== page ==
The Failing Father

In Daredevil a dissonance about the relationship between the Imaginary Father and the actual father underpins the motivation of the central character.  Matt Murdock believes his father to be a hard-working ex-boxer. When he discovers that he is actually a hired thug for a local mobster he runs away – a trauma that leads directly to his loss of sight. Full of grief Murdock senior cleans up his act, but this just leads to the traumatic event (his death at the hands of The Kingpin) that creates Daredevil. Murdock achieves resolution by defeating The Kingpin and resolving himself to be the type of man his father should have been.

Final Thoughts

I have written this to give a broad overview of the father issues present in the genre with a limited number of examples. However father complexes are clearly visible in Thor (Kenneth Brannagh, 2011) between Thor and Odin, and Loki and Odin; Superman Returns (Bryan Singer, 2006) between Superman and Jason; Batman (Tim Burton, 1989) between Wayne & his father but also, in a twisted echo, between Batman and the Joker; Batman Returns (Tim Burton, 1992) between The Penguin and his father; and Kick Ass (Mathew Vaughn, 2010) this time with a daughter – Hit-Girl and Big-Daddy). One wonders whether a female oriented Super-Hero film, Wonder Woman maybe, would replicate this dramatic axis, or replace it with a mother anxiety instead?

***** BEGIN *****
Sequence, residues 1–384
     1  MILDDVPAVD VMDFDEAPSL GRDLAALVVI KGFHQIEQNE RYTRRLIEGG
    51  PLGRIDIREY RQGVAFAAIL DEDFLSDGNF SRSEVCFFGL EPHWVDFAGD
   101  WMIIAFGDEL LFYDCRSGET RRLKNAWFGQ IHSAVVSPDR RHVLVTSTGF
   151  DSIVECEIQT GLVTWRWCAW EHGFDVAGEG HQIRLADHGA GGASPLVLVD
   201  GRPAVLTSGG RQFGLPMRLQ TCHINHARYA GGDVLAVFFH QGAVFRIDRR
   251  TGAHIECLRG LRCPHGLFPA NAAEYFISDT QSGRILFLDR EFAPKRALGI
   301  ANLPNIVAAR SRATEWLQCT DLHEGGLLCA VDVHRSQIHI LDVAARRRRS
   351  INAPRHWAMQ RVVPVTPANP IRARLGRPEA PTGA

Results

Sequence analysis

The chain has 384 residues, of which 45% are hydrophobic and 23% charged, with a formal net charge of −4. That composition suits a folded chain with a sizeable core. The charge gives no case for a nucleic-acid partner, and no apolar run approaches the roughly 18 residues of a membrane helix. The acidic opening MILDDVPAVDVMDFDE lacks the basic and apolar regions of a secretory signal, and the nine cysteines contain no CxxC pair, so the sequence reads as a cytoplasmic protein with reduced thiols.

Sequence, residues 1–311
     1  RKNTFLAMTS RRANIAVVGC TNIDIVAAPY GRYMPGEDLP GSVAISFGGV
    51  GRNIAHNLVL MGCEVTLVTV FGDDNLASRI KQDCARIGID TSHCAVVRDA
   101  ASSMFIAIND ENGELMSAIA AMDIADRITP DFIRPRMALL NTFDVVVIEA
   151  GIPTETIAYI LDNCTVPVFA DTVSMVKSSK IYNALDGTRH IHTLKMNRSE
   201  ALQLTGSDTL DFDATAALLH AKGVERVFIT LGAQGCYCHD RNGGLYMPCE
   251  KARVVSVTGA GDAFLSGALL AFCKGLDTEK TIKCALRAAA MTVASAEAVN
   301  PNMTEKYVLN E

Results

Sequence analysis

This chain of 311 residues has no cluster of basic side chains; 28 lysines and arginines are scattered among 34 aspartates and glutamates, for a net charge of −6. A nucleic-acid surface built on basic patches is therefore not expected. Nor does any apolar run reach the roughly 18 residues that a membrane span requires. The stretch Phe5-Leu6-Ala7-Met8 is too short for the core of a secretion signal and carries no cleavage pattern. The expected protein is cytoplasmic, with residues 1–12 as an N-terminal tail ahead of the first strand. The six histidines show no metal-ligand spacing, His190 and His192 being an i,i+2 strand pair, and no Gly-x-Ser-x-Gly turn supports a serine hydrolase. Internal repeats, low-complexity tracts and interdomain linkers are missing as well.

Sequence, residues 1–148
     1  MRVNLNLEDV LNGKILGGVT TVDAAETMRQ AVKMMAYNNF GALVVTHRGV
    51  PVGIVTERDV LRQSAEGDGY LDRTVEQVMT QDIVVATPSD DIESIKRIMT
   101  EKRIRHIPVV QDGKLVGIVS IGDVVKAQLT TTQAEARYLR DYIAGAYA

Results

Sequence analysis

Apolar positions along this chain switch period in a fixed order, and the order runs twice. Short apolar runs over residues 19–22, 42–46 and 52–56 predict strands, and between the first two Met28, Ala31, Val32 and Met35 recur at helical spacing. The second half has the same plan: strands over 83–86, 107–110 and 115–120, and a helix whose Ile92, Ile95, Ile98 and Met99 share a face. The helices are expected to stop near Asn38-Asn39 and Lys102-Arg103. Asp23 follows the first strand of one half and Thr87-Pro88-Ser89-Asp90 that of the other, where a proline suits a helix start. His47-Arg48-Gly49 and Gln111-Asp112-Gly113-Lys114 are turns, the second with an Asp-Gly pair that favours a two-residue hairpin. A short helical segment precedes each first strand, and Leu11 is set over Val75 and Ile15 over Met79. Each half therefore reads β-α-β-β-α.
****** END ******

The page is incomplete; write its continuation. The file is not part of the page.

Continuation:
I’m a Columbo fan. It’s a great way to while away a quiet afternoon watching the excellent, and sadly departed, Peter Falk trick another unsuspecting big shot into thinking he’s an idiot, when all the while he’s working the whole thing out. It’s structurally entertaining, shifting the drama to a battle of wits, by revealing the murderer’s identity in the first third, rather than following the traditional structure laid down by Agatha Christie, et al. It also contains some wonderful cameos, with each episode throwing us another Hollywood name who is either on their uppers, or just enjoyed the fun of the role.

What occurred to me the other day was the realization that it wasn’t just the show’s structure that made it different – it was its politics. Here is a mainstream American show that espouses a Marxist viewpoint (bear with me). Each episode of Columbo begins with a member of high society (the bourgeoisie) committing what they think is the perfect murder. The motive is invariably for financial gain, for the acquisition of capital. In walks Columbo, a classic member of the proletariat. He dresses badly, has a terrible car, and seems oblivious to the codes of behavior of ‘high society’. But through application of thought alone, and using his shabby status to expose the prejudices of the bourgeoisie (how could such a scruffy man possibly represent a threat?) he exposes the hollow, money grabbing elite for what they are. The show flips the assumptions of Capitalist society, that worth only comes through acquisition of capital, and shows how capitalist desire leads to an abandonment of moral principals. Columbo is above all a moral figure, loyal to his job, his wife and his dog. Set against this are the money grabbers, willing to kill anyone who comes in the way of their advancement.

PS. It’s also an example of the Daoist idea of the virtue of the small. Read the Te of Piglet by Benjamin Hoff for more of this.